Tag: mindset


The Poetics of Space

The Poetics of Space by Gaston Bachelard. Looking for a favourite quote always takes hours because once  you’re between the pages, it’s a spiralling walk back out.


(I heard myself close my eyes, then open them.)

All solitary dreamers know that they hear differently when they close their eyes. and when we want to think hard, to listen to the inner voice, or compose the tightly constructed key sentence that will express the very core of our thinking, is there one of us who hasn’t his thumb and forefinger pressed firmly against his lids? The ear knows then that the eyes are closed, it knows that it is responsible for the being who is thinking and writing. Relaxation will come when the eyes are reopened.

P.S. The first four words of this post take you to more.


▶Moving Islands

It’s a challenge to explain, with words alone, how virtual art becomes a universe of imagination that explodes around you, how such a vast universe can even exist, still contained by the small space of a computer screen. It’s not much easier to express with images, as they too lose layers of experience and complexity.

Sometimes that loss can never be compensated. Sometimes, it inspires a unique poetic vision. Eupalinos Ugajin presents perspectives of virtual creativity, where sights, sounds, space, and emotion intertwine. Moving Islands is a wonderland, in film, about a wonderland in space. A project by Eupalinos Ugajin.

Mindscape - Animation Film Intertwined

▶ Mindscape (Animation Film)

Another favourite, timeless animation film from the National Film Board of Canada. Mindscape is a work of art that takes you on a journey, a drawing within a drawing, guiding you into its mesmerizing labyrinth.

by Jacques Drouin — 1976

A particularly creative example of the pinscreen animation technique, this film is about an artist who steps inside his painting and wanders about in a landscape peopled with symbols that trigger unexpected associations.

Production : National Film Board of Canada (nfb.ca)

Handhelds (dolls, not devices)

You Say Potato

This is Awkward Potahto. He enjoys funny memes, but tends to overthink things, and usually realizes what he would have liked to say, after he realizes he didn’t quite say it. But in retrospect, he realizes everyone has their awkward moments.

AFK ©www.cybertwigs.com Cyberspace


“The AFK person haunts the virtual world of which they are a part. AFK straddles the border between online and offline” -T. Boellstorff, Coming of Age in Second Life.

AFK ©www.cybertwigs.com
©www.cybertwigs.com Paper


Some images flicker.


Like a never-ending disappearing act, they flicker, switching appearance over and over again, depending on how we perceive them.

Scott Kim’s True/False ambigram is one illusion that plays with the viewer’s perception. While there is a constant conflict between literal meanings, visually, neither can exist without the other, eternally embedded within the same structure.

Ambigram by Scott Kim
True is embedded within false. False always contains True. Ambigram by Scott Kim

True is embedded within false. False always contains True. Metapictures thrive on such paradoxes.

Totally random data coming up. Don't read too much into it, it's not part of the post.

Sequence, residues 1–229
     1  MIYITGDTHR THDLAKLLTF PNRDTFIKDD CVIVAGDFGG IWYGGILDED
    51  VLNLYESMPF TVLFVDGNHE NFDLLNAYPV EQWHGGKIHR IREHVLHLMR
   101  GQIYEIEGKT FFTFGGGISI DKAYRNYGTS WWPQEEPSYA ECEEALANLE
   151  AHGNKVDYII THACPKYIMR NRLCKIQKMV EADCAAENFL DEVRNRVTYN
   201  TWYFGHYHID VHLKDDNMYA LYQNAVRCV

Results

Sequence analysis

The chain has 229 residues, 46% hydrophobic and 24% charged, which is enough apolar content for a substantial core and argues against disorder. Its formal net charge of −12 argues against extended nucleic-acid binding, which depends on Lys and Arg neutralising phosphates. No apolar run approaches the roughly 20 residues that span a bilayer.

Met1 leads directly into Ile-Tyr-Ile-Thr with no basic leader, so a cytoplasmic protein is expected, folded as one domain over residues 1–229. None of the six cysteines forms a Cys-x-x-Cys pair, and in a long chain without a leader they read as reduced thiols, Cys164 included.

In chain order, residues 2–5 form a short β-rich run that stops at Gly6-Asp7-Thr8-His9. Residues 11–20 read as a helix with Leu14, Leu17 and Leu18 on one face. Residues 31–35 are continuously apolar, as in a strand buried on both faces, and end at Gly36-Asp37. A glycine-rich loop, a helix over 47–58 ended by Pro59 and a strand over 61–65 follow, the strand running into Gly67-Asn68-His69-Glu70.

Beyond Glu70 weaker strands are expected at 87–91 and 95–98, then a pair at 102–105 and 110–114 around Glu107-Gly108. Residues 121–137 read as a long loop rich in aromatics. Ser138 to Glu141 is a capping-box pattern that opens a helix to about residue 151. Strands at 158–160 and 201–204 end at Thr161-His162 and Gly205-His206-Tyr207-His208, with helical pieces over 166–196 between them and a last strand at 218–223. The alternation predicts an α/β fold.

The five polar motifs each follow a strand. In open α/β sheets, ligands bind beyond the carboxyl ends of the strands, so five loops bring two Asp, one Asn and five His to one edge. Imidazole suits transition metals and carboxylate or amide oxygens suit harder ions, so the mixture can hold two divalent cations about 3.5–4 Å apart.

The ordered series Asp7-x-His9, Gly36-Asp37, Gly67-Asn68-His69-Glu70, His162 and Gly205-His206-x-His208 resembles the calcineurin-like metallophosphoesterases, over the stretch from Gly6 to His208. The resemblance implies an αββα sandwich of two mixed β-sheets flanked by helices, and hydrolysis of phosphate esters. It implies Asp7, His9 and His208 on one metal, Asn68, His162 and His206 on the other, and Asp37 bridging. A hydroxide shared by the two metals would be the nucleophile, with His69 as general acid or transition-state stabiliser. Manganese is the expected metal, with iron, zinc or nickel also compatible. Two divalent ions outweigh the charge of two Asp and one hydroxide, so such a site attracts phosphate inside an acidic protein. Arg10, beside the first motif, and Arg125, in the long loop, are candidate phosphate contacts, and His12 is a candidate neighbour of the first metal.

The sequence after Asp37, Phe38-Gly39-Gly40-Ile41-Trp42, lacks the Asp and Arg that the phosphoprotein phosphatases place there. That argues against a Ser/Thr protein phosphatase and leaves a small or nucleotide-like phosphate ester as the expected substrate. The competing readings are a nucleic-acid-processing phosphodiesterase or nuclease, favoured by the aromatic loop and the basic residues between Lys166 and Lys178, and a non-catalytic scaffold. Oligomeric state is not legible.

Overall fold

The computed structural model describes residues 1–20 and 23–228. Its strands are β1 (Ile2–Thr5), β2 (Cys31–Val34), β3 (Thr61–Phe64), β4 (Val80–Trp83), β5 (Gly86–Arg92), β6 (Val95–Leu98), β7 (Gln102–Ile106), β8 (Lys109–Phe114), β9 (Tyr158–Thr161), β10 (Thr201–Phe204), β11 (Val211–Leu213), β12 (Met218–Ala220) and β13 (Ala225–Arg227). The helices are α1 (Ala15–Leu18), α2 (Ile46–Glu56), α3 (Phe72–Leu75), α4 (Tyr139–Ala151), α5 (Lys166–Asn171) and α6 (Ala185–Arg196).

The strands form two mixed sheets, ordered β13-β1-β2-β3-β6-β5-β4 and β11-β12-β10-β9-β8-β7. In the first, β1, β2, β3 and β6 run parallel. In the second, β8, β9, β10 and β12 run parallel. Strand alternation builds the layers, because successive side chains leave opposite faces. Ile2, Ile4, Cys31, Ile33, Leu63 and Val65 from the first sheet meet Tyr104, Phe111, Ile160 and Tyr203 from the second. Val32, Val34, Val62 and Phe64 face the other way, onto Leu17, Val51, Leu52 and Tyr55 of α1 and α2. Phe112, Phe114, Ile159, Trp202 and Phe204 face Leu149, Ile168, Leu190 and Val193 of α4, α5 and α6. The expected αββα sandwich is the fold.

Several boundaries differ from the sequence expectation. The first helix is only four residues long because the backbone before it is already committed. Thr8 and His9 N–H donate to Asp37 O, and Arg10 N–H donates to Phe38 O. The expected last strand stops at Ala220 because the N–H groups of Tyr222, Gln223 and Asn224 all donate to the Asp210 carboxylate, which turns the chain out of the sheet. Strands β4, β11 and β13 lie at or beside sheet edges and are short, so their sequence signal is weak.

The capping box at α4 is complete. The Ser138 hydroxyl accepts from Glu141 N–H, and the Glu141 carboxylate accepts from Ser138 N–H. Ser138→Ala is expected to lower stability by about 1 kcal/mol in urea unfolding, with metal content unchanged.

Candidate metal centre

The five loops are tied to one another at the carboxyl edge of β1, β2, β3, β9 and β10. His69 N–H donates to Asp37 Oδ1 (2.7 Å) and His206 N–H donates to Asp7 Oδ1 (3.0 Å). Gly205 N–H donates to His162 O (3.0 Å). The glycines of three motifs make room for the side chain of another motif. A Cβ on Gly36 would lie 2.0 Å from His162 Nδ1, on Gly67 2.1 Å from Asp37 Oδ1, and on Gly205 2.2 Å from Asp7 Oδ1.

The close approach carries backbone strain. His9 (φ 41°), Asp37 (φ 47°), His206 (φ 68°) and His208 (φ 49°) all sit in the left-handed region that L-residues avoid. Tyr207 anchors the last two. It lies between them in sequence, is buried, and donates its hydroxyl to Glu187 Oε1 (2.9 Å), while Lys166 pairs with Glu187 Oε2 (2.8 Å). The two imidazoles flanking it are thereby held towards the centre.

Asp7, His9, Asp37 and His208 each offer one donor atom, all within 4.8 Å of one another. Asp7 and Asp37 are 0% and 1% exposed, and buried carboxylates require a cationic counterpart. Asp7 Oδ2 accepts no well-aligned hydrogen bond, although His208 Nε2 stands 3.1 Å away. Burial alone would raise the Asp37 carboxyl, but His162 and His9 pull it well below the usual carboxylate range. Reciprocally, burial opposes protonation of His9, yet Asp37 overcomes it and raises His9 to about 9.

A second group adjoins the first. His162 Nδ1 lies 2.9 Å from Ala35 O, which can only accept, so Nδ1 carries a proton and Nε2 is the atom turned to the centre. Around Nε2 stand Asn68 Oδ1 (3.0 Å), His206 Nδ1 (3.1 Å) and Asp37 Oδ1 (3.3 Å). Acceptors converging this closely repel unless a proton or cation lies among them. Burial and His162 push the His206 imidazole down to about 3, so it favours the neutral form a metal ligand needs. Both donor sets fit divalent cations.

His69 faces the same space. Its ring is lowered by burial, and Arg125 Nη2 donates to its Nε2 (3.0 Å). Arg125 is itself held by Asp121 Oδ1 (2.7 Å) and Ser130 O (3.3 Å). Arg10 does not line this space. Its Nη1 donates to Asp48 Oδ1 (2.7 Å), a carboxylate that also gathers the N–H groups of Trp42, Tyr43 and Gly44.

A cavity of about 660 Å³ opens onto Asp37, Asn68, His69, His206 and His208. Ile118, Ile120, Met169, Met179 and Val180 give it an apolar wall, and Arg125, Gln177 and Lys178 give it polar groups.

If the illusion of these images depends on how we look at them, and the multistable shift of visual and verbal meanings occurs within our own minds, than maybe they are watching us too, watching us as we realize we are just as unstable and ever-shifting. And sometimes, we flicker.


▶ Kin-Dza-Dza

The vast desert landscape of Kin Dza Dza! (1986) perfectly symbolizes what this film offers; a minimalistic presentation with a complexity of layers hidden beneath the surface. Absurdity, melancholy, and thoughtful symbolism come together in this unique work. Watch with English subtitles on Youtube:

Part 1: http://youtu.be/I47CNxwlt9U

Part 2: http://youtu.be/eti9Qn4bZDg


ceci n'est pas une pipe ©rene magritte Paper

The Metapicture

W.J.T. Mitchell explores how images provoke their own self-analysis, creating a dialogue within the image itself. He calls this unique type of image “metapictures.” Metapictures refer to their own making, they are self-reflective as they attempt to understand themselves.Matroska ©cybertwigs.com

“Pictures reveal and know themselves, where they reflect on the intersections of visuality, language, and similitude, where they engage in speculation on their nature and history” -W.J.T Mitchell

Self-reflexivity thrives through self-nesting recursive structures, commonly related to “russian dolls,” where one element is nested within another layer of its same form. In other cases, to be self-reflexive is to draw in the viewer to question the structure of the image. In effect, our experiences as viewers often become an extension of that structure. Metapictures elicit a double vision between language and visual experience; they interrogate the authority of language over image. In Ren Magritte’s The Treachery of Images, the relationship between the visual and the verbal is inseparable; without acknowledging the visible element of the picture the text itself also disappears with it, denying it the ability to negate the image in the first place. The beauty of a metapicture is its unfaltering curiosity and playfulness towards perception.

ceci n'est pas une pipe by Rene Magritte

“If I had written ‘this is a pipe’ under my picture, I would have been lying!”

-Rene Magritte

Pact with Destiny - Blackout Poem Paper

Pact with Destiny (A Blackout Poem)

Pact with Destiny

-A Blackout Poem-

We evolve through, and with the changes of our lives. We discover an underlying potential, and extend our awareness of who we are, reaching beyond that fickle surface of our reality, as it appears in the present moment. That is the narrative we read, and write of ourselves.

Pact with Destiny

I should have

the life I have,

stormy and turbulent,

but always reaching..